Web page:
MyPiFi – simple LED board for the #RaspberryPi – Review

Paul Brown sent me one of his MyPiFi boards to assemble and try out. Here’s how I got on.

The MyPiFi is a (very) small board that plugs into the GPIO pins of the Raspberry Pi. It features 3 LEDs (red, amber, green) and a button. It’s been primarily designed as an introduction to soldering and GPIO programming and it does that very well. It comes as a kit of parts that you need to solder together:

The main board is an attractive purple colour (although this may change during production) and all the holes are clearly labelled so you know what to solder where. For those who buy the board, note that the black part of the supplied GPIO header goes on the underneath of the board with the pins poking through to the side with the labels on 🙂

Here’s some photographs of the assembly process:

Use Blu-tack to hold things in place if necessary. This is particularly important for the GPIO header:

Soldering the LEDs:

Underside of the board when soldering the resistors:

The completed board:

The MyPiFi in situ:

It’s a simple board to put together, and it will teach you very quickly how to do soldering badly, and how to do it well. The 26-pin GPIO header in particular is a challenge due to the extended pins. It’s possible that it might have been better to supply a non-extended header, but that’s just because I’d like to see it kept as simple as possible. Having said that, the extended header is a great way of teaching you to have a steady hand when soldering. Adding in the other components is much easier and it was a real pleasure to solder. One of the good things about the board being so small is that it doesn’t need any extra support or buffering to stop it touching the rest of the Pi – it sits very solidly on the GPIO pins.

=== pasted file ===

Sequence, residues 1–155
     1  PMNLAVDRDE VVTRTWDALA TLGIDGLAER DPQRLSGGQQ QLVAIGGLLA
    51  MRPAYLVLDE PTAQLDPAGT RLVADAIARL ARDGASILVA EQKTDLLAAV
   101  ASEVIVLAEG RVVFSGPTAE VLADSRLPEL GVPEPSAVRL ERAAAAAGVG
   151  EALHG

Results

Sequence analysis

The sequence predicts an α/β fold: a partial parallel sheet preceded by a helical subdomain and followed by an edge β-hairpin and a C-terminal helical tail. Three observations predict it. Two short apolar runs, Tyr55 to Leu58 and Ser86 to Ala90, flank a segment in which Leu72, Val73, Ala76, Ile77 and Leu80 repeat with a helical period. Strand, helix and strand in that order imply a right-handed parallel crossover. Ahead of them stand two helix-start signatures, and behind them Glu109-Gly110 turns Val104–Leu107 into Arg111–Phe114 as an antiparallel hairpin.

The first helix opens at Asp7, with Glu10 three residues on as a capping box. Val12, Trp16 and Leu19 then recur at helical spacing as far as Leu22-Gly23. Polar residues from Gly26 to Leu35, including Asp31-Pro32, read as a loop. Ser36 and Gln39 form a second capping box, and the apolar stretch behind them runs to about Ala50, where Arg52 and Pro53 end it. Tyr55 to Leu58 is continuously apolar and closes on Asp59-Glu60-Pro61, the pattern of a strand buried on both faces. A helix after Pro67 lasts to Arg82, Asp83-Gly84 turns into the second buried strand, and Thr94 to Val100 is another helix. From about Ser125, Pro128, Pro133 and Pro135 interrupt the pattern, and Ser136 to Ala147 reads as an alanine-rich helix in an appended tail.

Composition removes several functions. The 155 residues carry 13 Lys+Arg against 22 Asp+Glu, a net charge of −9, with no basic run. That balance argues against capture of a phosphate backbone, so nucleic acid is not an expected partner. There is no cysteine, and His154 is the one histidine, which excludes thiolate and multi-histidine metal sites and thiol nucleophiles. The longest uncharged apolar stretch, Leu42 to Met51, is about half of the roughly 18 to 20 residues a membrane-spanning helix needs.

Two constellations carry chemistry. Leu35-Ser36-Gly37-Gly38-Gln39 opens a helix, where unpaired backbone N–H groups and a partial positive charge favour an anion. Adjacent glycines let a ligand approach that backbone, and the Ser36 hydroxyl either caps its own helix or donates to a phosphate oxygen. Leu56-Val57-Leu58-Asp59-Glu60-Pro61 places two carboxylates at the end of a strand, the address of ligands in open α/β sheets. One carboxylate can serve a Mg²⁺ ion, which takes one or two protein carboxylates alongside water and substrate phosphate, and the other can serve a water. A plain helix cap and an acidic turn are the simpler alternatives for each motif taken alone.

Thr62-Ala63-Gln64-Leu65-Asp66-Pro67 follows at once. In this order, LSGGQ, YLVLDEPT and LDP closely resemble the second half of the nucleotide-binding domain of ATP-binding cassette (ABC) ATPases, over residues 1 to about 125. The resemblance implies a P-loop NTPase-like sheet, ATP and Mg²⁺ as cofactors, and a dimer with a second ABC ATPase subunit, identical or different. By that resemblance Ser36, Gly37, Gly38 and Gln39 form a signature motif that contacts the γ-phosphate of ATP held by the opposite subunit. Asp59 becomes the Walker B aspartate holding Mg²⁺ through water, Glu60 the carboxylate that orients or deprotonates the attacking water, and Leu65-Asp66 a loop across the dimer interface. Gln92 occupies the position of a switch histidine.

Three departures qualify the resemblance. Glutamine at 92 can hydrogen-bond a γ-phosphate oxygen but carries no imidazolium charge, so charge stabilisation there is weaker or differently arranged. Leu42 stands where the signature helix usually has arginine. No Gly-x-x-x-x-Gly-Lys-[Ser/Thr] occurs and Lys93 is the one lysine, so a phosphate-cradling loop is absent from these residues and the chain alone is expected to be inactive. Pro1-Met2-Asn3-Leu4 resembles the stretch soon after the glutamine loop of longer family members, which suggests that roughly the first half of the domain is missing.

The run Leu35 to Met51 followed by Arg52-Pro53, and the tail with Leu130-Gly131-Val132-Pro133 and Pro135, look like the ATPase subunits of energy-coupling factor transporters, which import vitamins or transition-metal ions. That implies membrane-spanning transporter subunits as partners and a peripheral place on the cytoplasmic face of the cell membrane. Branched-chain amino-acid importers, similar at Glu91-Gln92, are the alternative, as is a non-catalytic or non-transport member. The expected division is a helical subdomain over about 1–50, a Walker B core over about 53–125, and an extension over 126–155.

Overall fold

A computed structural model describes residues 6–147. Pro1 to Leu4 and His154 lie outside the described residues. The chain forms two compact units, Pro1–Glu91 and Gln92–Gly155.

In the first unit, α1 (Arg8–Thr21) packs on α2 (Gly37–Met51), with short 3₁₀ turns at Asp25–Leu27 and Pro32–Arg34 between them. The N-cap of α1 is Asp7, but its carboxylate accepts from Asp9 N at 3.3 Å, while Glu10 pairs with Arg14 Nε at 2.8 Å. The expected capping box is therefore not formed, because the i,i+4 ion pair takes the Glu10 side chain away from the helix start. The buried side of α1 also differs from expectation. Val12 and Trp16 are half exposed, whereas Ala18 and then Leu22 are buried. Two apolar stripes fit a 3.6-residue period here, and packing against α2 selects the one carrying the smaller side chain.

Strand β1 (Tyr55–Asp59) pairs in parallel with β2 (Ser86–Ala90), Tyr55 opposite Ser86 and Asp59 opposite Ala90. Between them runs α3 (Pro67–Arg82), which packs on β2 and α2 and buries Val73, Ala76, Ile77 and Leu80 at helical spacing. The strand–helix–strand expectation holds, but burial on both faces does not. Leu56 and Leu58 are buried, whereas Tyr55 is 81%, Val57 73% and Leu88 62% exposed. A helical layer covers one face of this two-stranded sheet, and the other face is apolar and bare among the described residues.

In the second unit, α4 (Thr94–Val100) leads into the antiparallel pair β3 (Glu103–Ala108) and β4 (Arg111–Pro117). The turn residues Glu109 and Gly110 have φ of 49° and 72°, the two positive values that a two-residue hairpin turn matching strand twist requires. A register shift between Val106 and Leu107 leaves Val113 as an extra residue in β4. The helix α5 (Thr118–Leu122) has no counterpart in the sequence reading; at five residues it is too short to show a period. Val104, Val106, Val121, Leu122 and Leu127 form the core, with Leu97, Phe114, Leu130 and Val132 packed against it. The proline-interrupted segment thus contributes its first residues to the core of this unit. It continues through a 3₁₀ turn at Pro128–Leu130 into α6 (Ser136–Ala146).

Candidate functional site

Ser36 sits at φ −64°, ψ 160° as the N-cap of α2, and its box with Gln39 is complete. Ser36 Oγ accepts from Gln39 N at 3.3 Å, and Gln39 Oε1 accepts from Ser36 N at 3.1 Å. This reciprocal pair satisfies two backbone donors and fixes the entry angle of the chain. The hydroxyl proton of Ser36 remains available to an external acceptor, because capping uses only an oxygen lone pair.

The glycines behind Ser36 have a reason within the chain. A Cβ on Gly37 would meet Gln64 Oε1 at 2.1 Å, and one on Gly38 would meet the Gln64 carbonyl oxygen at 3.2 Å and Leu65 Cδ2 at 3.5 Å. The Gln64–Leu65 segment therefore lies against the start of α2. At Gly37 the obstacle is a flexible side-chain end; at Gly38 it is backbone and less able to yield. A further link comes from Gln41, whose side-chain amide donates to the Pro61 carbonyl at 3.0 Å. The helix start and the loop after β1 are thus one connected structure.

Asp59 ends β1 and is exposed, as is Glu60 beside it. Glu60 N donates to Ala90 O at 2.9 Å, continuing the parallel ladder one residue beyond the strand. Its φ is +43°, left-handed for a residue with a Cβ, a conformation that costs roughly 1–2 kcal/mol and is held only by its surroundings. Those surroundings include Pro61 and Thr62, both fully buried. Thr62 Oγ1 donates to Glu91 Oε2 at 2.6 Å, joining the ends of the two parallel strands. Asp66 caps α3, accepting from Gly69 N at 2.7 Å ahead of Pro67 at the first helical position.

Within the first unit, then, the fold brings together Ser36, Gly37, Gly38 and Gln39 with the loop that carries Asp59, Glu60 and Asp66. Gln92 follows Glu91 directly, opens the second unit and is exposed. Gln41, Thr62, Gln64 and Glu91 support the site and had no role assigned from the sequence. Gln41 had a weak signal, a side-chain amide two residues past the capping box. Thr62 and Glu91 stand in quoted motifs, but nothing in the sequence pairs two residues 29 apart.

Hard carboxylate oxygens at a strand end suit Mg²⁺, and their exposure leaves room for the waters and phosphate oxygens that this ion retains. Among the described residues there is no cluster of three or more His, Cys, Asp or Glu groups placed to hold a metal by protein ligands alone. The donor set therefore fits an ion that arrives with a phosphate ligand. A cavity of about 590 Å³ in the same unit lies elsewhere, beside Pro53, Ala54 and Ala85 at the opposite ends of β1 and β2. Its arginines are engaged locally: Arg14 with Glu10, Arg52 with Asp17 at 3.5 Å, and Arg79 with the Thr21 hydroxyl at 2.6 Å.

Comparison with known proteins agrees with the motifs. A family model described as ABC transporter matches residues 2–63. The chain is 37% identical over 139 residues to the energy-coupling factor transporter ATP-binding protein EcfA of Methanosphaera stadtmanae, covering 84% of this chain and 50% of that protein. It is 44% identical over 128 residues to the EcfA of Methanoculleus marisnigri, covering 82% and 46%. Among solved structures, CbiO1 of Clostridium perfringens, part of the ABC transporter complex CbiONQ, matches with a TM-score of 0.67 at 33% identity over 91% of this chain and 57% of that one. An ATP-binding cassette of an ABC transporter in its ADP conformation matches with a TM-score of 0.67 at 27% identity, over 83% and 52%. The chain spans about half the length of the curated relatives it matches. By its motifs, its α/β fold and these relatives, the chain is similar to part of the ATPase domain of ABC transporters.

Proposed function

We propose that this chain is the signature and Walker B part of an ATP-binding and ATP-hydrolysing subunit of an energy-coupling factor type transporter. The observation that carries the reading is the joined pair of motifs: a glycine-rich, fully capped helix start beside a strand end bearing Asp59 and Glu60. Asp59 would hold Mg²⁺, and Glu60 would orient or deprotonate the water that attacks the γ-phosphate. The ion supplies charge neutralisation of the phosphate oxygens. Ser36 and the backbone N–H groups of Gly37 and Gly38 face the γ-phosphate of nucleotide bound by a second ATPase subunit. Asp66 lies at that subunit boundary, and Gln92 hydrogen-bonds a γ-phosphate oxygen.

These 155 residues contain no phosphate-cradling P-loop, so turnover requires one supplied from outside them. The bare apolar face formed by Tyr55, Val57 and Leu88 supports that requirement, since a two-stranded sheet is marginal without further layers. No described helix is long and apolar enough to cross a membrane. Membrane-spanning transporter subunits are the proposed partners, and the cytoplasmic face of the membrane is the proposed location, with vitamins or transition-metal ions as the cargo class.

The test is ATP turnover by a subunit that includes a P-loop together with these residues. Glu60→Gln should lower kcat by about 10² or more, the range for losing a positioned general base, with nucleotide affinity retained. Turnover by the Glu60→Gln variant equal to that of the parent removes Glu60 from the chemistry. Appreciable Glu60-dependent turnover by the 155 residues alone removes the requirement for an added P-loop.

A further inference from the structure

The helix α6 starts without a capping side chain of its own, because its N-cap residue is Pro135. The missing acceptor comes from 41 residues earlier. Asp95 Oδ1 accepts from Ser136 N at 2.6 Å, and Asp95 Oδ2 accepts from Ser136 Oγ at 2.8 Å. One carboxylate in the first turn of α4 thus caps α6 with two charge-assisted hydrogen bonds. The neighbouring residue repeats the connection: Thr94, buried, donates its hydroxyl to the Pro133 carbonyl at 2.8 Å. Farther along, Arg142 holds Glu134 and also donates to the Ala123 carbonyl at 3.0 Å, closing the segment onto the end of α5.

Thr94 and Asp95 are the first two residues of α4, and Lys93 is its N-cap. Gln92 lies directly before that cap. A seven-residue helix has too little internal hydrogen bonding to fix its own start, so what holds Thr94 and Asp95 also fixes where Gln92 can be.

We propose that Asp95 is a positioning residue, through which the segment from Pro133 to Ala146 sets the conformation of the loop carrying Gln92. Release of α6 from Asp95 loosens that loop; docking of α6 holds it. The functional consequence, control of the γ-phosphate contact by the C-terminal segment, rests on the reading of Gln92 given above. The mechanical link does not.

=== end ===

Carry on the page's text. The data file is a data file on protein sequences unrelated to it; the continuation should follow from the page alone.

Programming the board is extremely simple – Paul supplied the pin-outs and I knocked up a quick Python script – that’s the other thing it’s good for, teaching GPIO programming, and it does this very well. I hear that it will also be given support in ScratchGPIO, so that’s two options straight away for using it.

As a board, it is what it is: it’s very simple and is ideal for both beginners and schools. At £5-6 for the board, it’s also at roughly the right price point and I fully recommend it for those who want to get into soldering and GPIO programming. It’s also ideal for teachers, as long as they don’t mind soldering the boards up.

The Kickstarter is (as of today) still running, so I recommend you head over there and pledge to get a board

Rating: 9/10

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